In February of 1834, the Warchief of the Court of the Lions, Karim N'Tsabunar, was advised of large mercenary movements into the country and privately alerted King-President Medur and the rest of the court. Several mercenaries were bribed to change their allegiances and divulged information regarding their previous employment contracts. The court was unmoved by the limited information provided, accepting that the mercenaries were being hired for commercial ventures to southern Scipia, unaware of the true numbers or intentions of the forces.


On March 29, 1834, the Court of the Lions was in session when a large group of assassins struck, killing sixteen of the twenty members in addition to several dozen guards and retainers. The coup plotters nevertheless took control of the central palace and proclaimed the Republic of Talahara. Parallel uprisings in Ifurša, Mutafayil, and Rušadar granted the republicans a firm hold in the country's northwest, but Maktarim itself remained disputed territory, with a major contingent of the Royal Army successfully deployed to combat the republican mercenaries.

The republicans' plans were further embattled on March 31, when it was revealed that King-President Medur and Warchief Karim N'Tsabunar had escaped the assassination attempt in the Court of the Lions and fled east to gather border garrison forces and to issue a general levy in the agricultural heartlands around Takalt and along the Qeshet River. With a sizeable militia raised to support the professional soldiers of the Royal Army, the royalist forces had secured an east-west front along the Rubric Coast and avoided ceding momentum completely to the republicans.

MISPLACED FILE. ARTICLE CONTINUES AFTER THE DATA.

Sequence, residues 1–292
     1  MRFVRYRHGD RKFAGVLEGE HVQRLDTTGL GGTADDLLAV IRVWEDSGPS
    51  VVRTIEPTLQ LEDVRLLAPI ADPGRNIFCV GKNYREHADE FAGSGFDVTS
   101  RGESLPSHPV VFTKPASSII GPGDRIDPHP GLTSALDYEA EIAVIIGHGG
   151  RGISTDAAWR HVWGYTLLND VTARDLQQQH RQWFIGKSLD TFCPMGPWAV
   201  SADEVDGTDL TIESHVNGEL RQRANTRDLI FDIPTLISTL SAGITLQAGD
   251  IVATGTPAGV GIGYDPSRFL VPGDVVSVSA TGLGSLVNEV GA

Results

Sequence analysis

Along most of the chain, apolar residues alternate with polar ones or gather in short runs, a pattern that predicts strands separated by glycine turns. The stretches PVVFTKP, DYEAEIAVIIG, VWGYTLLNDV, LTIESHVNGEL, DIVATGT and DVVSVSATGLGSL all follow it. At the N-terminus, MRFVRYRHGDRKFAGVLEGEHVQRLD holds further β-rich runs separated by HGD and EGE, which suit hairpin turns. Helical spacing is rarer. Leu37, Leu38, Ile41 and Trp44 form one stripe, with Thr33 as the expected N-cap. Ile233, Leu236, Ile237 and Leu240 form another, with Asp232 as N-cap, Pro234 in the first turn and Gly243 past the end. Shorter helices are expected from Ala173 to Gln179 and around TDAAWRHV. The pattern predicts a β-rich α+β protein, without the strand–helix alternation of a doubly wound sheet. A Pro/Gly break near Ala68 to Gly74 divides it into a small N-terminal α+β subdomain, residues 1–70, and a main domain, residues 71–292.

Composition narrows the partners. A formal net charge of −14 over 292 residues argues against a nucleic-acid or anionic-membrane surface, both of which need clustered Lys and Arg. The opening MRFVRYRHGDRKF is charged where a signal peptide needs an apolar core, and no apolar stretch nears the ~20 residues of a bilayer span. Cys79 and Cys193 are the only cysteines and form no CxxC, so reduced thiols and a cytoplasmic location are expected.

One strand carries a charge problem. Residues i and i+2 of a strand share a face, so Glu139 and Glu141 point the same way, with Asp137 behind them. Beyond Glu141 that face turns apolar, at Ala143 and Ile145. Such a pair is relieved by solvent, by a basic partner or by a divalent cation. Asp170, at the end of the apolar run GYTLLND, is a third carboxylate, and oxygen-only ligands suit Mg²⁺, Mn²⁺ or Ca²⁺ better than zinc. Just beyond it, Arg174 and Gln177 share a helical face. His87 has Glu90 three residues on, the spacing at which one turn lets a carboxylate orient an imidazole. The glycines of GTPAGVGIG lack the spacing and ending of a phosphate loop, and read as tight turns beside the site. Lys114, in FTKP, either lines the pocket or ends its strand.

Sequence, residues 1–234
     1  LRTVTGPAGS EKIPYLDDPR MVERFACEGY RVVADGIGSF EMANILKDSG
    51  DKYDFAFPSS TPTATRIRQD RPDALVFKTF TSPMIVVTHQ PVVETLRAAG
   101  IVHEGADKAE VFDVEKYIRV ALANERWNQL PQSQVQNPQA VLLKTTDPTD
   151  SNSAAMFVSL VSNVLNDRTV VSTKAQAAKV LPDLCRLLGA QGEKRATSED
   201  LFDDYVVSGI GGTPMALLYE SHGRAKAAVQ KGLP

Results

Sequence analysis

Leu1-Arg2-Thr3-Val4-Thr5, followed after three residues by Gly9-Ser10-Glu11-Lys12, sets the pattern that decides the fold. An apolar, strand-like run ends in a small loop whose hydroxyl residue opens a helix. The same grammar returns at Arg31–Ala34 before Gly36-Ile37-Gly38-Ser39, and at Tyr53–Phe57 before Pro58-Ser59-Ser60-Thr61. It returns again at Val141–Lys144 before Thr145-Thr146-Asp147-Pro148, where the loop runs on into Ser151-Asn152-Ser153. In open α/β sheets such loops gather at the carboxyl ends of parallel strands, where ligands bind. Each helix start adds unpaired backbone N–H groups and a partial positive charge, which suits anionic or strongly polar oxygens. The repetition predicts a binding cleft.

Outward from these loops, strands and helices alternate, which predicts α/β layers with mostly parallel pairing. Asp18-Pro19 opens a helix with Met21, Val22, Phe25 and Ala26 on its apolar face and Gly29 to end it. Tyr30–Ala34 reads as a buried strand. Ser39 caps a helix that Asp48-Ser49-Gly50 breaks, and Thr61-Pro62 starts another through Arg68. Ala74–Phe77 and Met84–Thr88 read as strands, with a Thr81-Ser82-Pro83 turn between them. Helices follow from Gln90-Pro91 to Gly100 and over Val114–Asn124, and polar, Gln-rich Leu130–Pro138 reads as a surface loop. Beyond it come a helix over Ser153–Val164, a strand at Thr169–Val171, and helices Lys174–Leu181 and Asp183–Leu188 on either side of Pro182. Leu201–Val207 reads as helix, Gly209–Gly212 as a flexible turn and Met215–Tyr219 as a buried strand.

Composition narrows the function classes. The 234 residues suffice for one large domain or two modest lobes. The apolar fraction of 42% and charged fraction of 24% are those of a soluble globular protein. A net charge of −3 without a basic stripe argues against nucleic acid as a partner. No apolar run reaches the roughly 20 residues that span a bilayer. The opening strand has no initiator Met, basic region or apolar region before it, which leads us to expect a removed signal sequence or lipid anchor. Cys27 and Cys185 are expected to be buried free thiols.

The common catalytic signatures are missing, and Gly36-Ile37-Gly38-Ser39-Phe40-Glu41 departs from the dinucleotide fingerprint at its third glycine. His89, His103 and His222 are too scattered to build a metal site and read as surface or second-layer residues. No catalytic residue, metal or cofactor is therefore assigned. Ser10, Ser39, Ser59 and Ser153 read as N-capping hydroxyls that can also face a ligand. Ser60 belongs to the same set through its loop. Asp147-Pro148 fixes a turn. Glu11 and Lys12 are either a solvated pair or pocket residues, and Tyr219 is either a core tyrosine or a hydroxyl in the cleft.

As the country was plunged into civil war, anarchists began to coordinate and mount their own resistances to both the liberal republicans and the traditionalist royalists in farming towns, factories, and ports. The loose ideological network began to coordinate to build a wider movement and civic, philosophical, and military leaders began to converge in the port city of Almunaxdri. Ideologues and philosophers who had been travelling abroad were recalled to the country, including Ziri Akli who immediately booked passage on a ship from Norumbia when news arrived of the war.

Republican campaign

Protectorate of Taršiš

Anarchist uprisings

Collapse of the monarchy

Siege of Maktarim


Formation of the United Communes

  • Abolition and re-establishment of legal codes
  • Decline of social mutualism
  • Syndicalist movement
  • Anti-corporatist movement
  • Civic syndicalist synthesis

Ex-patriot community


  • Kamikawa critique on authority/bourgeois compromises

See also